“A very tricky business, I can tell you,” says Gardner Lodge (Matt Damon). “I’ve never seen any of these clowns before, so there’ll be no more talk about it.” His young son Nicky (Noah Jupe) says two thugs he and his father saw in a police lineup look like the men who killed his mother. That’s the setup for one of “Suburbicon’s” three stories, the only one it tells convincingly.
Why won’t Gardner believe his son? What’s going on between Garner and sister-in-law Margaret (Julianne Moore)? Is Nicky the one main character we care about in this laugh-free dark comedy? For me, he was.
Matt Damon, Julianne Moore and Noah Jupe are members of the Lodge family — Gardner, Rose and Nicky. The family lives in Suburbicon, an all-white, Levittown-styled planned community built in the 1950s when the film takes place. When a black family — the Mayers — buys a house, integrating Suburbicon, white residents protest violently, but Nicky bonds with new next-door neighbor Andy Mayer (Tony Esposito) who, like him, loves baseball. Their genuine, inter-racial friendship is a welcome contrast with most other plot elements in “Suburbicon.” Andy’s mother (Karimah Westbrook) remains dignified and staunchly unmoved despite rampant racism. This second of “Suburbicon’s” stories is based on events that took place in Levittown, Pennsylvania, in 1957.
Others in the cast include Oscar Isaac as antic and verbose insurance investigator Roger whose unannounced call on Margaret (Julianne Moore) is the best sequence in “Suburbicon.” Roger seems to be visiting from another, better, movie. He’s suspicious that Gardner’s large claim is fraudulent. “You develop a nose for hanky-panky,” Roger says, “but there’s no faint aroma here — it stinks!” Glenn Fleshler and Michael D. Cohen are strong-arm hit men.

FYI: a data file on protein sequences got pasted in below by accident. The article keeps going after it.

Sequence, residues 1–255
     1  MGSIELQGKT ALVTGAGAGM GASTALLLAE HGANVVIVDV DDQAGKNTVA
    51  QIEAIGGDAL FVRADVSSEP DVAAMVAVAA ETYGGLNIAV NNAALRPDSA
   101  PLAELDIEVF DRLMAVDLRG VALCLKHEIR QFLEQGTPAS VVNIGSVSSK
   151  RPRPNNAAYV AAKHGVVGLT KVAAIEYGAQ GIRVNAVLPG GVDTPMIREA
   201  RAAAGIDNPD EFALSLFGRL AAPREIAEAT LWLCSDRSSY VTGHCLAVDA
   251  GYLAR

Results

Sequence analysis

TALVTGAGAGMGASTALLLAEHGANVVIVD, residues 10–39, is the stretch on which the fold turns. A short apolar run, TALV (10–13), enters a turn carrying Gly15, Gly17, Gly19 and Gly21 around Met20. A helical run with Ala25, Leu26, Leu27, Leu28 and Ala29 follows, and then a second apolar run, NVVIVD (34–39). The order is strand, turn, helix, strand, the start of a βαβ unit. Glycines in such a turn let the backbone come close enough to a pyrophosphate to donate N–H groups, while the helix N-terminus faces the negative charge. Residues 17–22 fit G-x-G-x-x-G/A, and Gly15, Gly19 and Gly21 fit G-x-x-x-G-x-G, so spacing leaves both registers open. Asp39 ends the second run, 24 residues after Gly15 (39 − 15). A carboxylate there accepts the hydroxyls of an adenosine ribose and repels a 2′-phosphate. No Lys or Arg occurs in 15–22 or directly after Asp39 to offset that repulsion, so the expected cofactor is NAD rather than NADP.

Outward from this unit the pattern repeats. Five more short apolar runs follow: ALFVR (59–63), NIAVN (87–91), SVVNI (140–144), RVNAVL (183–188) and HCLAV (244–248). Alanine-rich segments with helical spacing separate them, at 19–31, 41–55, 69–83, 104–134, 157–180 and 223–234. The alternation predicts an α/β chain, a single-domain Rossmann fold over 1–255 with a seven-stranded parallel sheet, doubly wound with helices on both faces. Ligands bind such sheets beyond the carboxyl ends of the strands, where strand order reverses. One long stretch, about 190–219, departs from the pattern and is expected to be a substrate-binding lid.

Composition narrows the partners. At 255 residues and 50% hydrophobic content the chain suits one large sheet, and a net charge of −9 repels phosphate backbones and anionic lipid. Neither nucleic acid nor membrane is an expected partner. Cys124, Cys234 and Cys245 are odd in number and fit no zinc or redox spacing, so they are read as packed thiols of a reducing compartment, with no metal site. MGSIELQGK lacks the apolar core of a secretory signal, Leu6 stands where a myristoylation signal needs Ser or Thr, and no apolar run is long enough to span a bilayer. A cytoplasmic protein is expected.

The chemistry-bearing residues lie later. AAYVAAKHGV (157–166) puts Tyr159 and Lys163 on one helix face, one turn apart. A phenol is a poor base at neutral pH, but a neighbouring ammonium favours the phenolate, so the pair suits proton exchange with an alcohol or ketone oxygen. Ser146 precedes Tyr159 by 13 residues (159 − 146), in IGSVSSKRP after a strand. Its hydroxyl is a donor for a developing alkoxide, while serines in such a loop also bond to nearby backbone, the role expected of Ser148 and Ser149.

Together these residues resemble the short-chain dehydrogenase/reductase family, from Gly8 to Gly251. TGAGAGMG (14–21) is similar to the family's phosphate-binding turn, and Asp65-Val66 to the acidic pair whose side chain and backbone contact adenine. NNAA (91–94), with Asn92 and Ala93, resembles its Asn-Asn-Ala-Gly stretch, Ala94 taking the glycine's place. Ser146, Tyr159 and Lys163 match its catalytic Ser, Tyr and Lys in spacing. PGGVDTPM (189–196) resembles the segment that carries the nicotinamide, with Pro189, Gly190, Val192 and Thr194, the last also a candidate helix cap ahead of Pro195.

“Suburbicon,” marketed as dark comedy/crime drama/mystery, gets little right, despite A-list filmmakers. George Clooney directed and co-wrote the screenplay with Grant Heslov, incorporating another script, written in the 1990s by Ethan and Joel Coen when their “Fargo” was a hit. The two scripts have criminally inept main characters: “Fargo’s” Jerry Lundegaard is quite like “Suburbicon’s” Gardner Lodge. Finding humor in deeply unlikable characters like Jerry — or Gardner — is not easy, and Clooney, alas, lacks the knack. As for “Suburbicon’s” racial integration story, it’s mostly in the background, getting short shrift. The third story — how Nicky learns the nasty business his father and aunt are up to — is “Suburbicon’s” best-told story.
Rated R for violence, language and sexuality, “Suburbicon” runs 104 minutes. I wish I’d missed this one.
Dark comedy, without laughs,
“Suburbicon” is its name;
Clooney co-wrote and directed,
So mostly he’s to blame.
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